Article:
Don't miss

Replay


LATEST SHOWS

MEDIAWATCH

French police question 8-year-old boy for "justifying terrorism"

Read more

FOCUS

35 Basque independence activists face trial in Spain

Read more

ENCORE!

Angoulême comics festival: The power of the pencil

Read more

WEB NEWS

Mexican government declares missing students dead

Read more

INSIDE THE AMERICAS

'Snowmageddon' is snow problem for New York

Read more

EYE ON AFRICA

Libya violence: At least 4 foreigners among those killed in hotel attack

Read more

EYE ON AFRICA

Mali: 12 people die in suicide attack against MNLA

Read more

IN THE PAPERS

'Who will follow in Charlie Hebdo's footsteps?'

Read more

IN THE PAPERS

Searching for a 'blizzard buddy'

Read more

Middle east

No talks until Israel ends roadblocks, settlements, says Palestinian envoy

Latest update : 2009-05-26

Palestinian President Mahmoud Abbas will tell US President Barack Obama at meetings Thursday that he will not restart peace talks unless Israel removes all roadblocks and halts settlements in the West Bank, the top Palestinian negotiator says.

AFP - Palestinians will not restart peace talks with Israel unless it removes all roadblocks and freezes settlement activity in the West Bank, top negotiator Ahmad Qurei said in an interview on Tuesday.
   
Palestinian president Mahmoud Abbas will present the conditions during his first official meeting with US President Barack Obama in Washington on Thursday, Qurei said in an interview with the Haaretz daily.
   
"There will be no negotiations without a complete cessation of the settlements, including what you call 'natural growth,'" he said, referring to construction in existing settlement blocks.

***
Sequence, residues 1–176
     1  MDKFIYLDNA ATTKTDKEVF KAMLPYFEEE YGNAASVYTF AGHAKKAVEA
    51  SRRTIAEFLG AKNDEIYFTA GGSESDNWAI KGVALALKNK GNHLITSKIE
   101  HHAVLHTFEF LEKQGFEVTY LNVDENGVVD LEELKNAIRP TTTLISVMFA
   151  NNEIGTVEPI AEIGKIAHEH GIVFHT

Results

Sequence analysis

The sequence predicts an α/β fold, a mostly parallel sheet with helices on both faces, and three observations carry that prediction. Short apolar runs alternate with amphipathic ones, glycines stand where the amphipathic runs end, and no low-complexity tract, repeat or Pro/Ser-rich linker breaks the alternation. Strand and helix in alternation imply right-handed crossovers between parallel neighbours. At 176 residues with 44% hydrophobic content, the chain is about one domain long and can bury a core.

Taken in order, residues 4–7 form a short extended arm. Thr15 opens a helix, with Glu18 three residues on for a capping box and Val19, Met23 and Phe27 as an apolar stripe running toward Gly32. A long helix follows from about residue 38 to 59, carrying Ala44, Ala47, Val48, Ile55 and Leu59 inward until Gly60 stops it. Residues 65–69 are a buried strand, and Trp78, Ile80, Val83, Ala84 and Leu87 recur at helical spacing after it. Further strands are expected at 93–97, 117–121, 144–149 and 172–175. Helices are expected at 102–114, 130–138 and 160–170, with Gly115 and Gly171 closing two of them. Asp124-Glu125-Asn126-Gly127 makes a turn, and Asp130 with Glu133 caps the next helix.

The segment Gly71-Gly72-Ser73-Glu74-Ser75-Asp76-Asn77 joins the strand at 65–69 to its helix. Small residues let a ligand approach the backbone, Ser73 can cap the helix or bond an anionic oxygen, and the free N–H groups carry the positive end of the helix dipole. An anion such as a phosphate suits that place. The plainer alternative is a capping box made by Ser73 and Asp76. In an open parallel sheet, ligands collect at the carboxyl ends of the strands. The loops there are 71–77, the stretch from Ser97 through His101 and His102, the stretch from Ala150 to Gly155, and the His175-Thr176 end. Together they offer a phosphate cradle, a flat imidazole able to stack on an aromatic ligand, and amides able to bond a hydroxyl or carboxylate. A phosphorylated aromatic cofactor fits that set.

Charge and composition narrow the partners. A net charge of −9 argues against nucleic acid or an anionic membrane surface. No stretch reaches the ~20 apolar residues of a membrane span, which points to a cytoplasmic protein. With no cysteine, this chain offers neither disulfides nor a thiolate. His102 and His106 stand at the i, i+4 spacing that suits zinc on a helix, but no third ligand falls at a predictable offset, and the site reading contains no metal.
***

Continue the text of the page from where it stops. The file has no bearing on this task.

"There will be no negotiations without an evacuation of the outposts established since 2001," he said, referring to settlements in the occupied West Bank built without authorisation from the Israeli government.
   
"Before the negotiations, Israel will have to remove also all the internal roadblocks that dissect the West Bank," he said, referring to the more than 600 barriers that Israel erected in the aftermath of the second Palestinian intifada that severely hamper freedom of movement in the West Bank.
   
Qurei reiterated the Palestinians' refusal to recognise Israel as a Jewish state as demanded by Israeli Prime Minister Benjamin Netanyahu as part of a final agreement.
   
It "was not our business. Call your state whatever you wish," he said.
   
Qurei said that while the "right of return" of refugees was "one of the Palestinians' rights. The question of how to relate to this right is up for negotiations. We have to find a balanced formula."
   
Finally, the former Palestinian premier said that Israel would not be able to annex large settlement blocks like Maale Adumim east of Jerusalem as part of a final settlement.
   
"Those residents of Maale Adumim or Ariel (another settlement deep inside the West Bank in the north) who would rather stay in their homes could live under Palestinian rule and law, just like the Israeli Arabs who live among you," he said.
   
"They could hold Palestinian and Israeli nationalities. If they want it - welcome," he said.
   
In previous negotiations, Israel has demanded that it keep major settlement blocks in the West Bank as part of land swaps.
   
Palestinians and Israelis relaunched their peace talks under US auspices in November 2007, but the negotiations made little progress over the next year and were put on ice during Israel's war in Gaza in December-January.
 

Date created : 2009-05-26

COMMENT(S)